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Florida Department of Health in Volusia County Addresses County Health Rankings

By Holly Smith

March 29, 2017

Daytona Beach, Fla. — The Florida Department of Health in Volusia County (DOH-Volusia) recognizes the value in measuring health outcomes and today acknowledged the 2017 County Health Rankings & Roadmaps tool released by the University of Wisconsin and the Robert Wood Johnson Foundation. This study highlights the many community factors that influence health and uses established data, much of which is available from the department at

Since 2016, Volusia County’s rank improved in several areas but dropped overall from 40 to 42 out of 67 counties in the state. The strongest improvements were seen in the areas of health behaviors, clinical care, social and economic factors and physical environment. Declines were seen in health outcomes, length of life and quality of life, according to the study. The full report is online at

 “We are pleased with the strong gains seen in four areas,” said Patricia Boswell, DOH-Volusia administrator. “We’re disappointed but not surprised at the challenges we face particularly in the quality of life category. Volusia County’s 2017-2019 Community Health Improvement Plan and DOH-Volusia Strategic Plan identified access to health care, having healthy babies, improving youth and adult mental health and decreasing chronic disease as priorities.”

A year-to-year comparison of Volusia’s health rankings, the DOH-Volusia Strategic Plan and Community Health Improvement plan are online at

 Volusia demonstrated improvements over the 2016 ranking in several areas. For example:

  • Sexually transmitted infections (STI) was 50 percent lower than the state rate and decreased by seven percent.
  • The low birth weight rate was 11 percent lower than the state rate.
  • Violent crimes decreased by 13.8 percent and was 14.8 percent lower than the state.
  • Severe housing problems were 13.6 percent lower in Volusia County than those faced by state residents.
  • Adult smoking rates decline 15.8 percent.
  • Adult obesity rates were reduced by 7.1 percent.
  • Fewer teen moms gave birth in 2017 – a decline of 8.6 percent.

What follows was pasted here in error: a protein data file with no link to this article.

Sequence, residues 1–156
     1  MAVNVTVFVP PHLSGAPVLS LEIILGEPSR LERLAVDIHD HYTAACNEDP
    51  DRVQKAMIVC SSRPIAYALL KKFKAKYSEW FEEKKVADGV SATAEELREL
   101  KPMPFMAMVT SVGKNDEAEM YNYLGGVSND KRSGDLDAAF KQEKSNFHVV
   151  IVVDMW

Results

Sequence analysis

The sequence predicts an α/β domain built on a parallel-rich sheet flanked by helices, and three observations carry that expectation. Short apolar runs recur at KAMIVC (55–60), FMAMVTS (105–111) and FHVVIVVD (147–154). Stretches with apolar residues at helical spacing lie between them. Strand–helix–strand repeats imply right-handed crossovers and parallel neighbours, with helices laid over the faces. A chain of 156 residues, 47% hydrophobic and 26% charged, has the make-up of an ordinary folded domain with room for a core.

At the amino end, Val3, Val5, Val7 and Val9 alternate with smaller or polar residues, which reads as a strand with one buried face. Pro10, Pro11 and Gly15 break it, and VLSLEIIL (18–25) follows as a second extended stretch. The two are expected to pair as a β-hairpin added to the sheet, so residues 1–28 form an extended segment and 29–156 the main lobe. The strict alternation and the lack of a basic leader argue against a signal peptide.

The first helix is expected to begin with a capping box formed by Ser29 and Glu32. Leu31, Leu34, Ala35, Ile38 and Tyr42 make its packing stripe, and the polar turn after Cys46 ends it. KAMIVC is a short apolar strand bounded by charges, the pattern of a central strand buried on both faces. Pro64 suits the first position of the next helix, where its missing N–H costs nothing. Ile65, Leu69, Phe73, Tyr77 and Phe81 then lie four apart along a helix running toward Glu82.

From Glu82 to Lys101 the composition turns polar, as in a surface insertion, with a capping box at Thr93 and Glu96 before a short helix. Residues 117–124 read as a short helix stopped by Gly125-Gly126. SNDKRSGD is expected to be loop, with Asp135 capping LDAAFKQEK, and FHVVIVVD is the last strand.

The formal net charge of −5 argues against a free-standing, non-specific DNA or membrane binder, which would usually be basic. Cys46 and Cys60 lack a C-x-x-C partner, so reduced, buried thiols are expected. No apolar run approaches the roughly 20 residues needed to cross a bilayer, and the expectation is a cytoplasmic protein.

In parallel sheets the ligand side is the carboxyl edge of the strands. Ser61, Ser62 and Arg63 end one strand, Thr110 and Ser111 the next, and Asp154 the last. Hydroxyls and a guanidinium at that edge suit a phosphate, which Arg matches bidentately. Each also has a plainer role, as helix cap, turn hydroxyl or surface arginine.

These rankings are a snapshot of the health of counties across the country and they emphasize that health is not a singular effort but the result of our combined work across all community sectors. The department works in collaboration with local governments, non-profit organizations, health care facilities, business groups, schools, faith-based organizations and many other stakeholders to improve the health of all people in Volusia County. These rankings use data related to physical environments, social and economic factors, health behaviors and clinical care.

In Volusia County, the Community Health Improvement Plan (CHIP) is designed to address specific opportunities to improve health that have been identified by the community. The department has partnered with many stakeholders to implement the CHIP and collaborates regularly to track progress.

In 2016, cancer became the leading cause of death in Volusia County. Although the Volusia county premature death rate decreased slightly in 2017 – nearly one percent, the county’s death rate remains considerably higher than the rates for the state and nation.

Boswell encourages health professionals, students, advocates, coalitions and the community to come together this summer to prevent cancer. On June 7, DOH-Volusia will host Prevent Cancer: The HPV Epidemic Conference in Daytona Beach. Medical professionals will discuss the human papilloma virus (HPV), current vaccines and preventing cancer.

Last week the Florida Department of Health celebrated a one year milestone as the first integrated department of health in the nation to achieve national accreditation through the Public Health Accreditation Board. Public health departments play a critical role in protecting and improving the health of people and communities. The seal of accreditation signifies that the Florida Department of Health has been rigorously examined and meets or exceeds national standards that promote continuous quality improvement for public health.

About the Florida Department of Health

The department, nationally accredited by the Public Health Accreditation Board, works to protect, promote and improve the health of all people in Florida through integrated state, county and community efforts.

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